Sunday, January 25, 2009

California on the Ropes

California is on the ropes. It is being hit harder than most states by the current recession. Its government is paralyzed. No one is steering; the ship of state has run aground.

Unraveling a disaster of this magnitude is going to be a lot harder than avoiding it in the first place would have been. After the budget crisis of 2001-2002, the government of California should have taken steps to build up a surplus during the relatively good years of 2003-2007. It should have made fundamental reforms in the way budgets are created. Instead it feasted on tax dollars blown in by the housing bubble.

The electorate should bear part of the blame for electing those who have been in the legislature lately. Mostly, though, the electorate has mainly be manipulated by the two major party political machines. The machines determine who will have the money to win their primaries. All most all of California's elections are basically won in the primary of the dominant political party in that district; the lines of the district are drawn to ensure that almost no incumbent that runs loses his or her seat. And even competent politicians are term limited out of the Assembly in just six yeas.

Even if better politicians were elected, they might be dazed and confused by the current budget system.

There is no central budgeting authority that makes sure budgets are balanced in the sense that in good years there is a surplus that can be used as a cushion in bad years. Nor is there an authority that makes sure public spending is balanced between the various needs of the people of California. The state Senate is not a central authority; nor is the state Assembly. The governor actually has little power over budgets except the power of persuasion. Nor is there any bureaucracy that keeps things in order so that politicians can do what they do best, posture and swill whatever lobbyists lay before them.

Every session of the legislature is a feeding frenzy. This is fought around a skeleton of laws enshrined in the state Constitution that determine where much taxpayer money can go. Can't get the legislature to throw you a bone? Sponsor a referendum. Bond measures are passed willy-nilly because voters consider each measure in and of itself, with little regard to how the bonds affect the state budget. Bonds take decades to pay off and effectively treble the cost of any project, once you include interest payments.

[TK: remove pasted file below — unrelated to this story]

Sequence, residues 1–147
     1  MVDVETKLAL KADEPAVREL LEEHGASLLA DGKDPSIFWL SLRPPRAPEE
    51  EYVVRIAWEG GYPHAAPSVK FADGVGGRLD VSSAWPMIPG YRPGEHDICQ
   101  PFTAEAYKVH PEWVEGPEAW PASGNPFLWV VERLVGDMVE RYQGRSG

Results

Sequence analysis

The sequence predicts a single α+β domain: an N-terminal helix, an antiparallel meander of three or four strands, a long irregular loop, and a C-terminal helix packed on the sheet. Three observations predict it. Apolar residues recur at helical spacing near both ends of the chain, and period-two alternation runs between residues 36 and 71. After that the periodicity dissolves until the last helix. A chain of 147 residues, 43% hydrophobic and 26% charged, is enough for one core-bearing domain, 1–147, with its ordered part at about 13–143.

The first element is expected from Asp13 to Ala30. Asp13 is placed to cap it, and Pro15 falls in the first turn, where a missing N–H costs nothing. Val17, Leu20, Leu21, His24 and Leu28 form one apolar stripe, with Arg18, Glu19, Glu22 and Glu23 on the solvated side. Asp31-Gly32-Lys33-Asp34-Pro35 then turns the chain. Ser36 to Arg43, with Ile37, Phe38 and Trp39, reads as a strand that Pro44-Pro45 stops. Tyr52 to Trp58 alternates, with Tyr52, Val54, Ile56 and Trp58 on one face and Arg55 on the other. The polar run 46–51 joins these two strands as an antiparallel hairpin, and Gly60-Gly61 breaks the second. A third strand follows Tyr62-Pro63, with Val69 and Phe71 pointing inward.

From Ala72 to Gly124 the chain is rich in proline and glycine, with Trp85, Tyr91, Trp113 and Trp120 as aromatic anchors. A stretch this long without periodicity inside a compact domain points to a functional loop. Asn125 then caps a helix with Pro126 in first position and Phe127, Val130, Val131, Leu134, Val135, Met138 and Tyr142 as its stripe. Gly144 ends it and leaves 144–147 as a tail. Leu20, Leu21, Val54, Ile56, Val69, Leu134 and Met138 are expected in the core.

I think it is fair to argue about whether any specific tax in California is too high or too low, but I agree with those who think that taken as a whole, California taxes (with federal and local taxes) are about as much as a people can reasonably bear. When the economy revives there will be more tax revenue

I would also tend to agree that California's tax structure is ridiculously unfair. Two people living in houses of similar real value may be paying taxes that are an order of magnitude different. Some businesses pay little or no taxes, when businesses that are equally profitable pay much higher taxes. The Board of Equalization seems to be all about inequality these days.

The people of California have to look at the whole picture and come to a consensus about what a good budget process would look like. Once that is known, they need to elect politicians who will put it in place.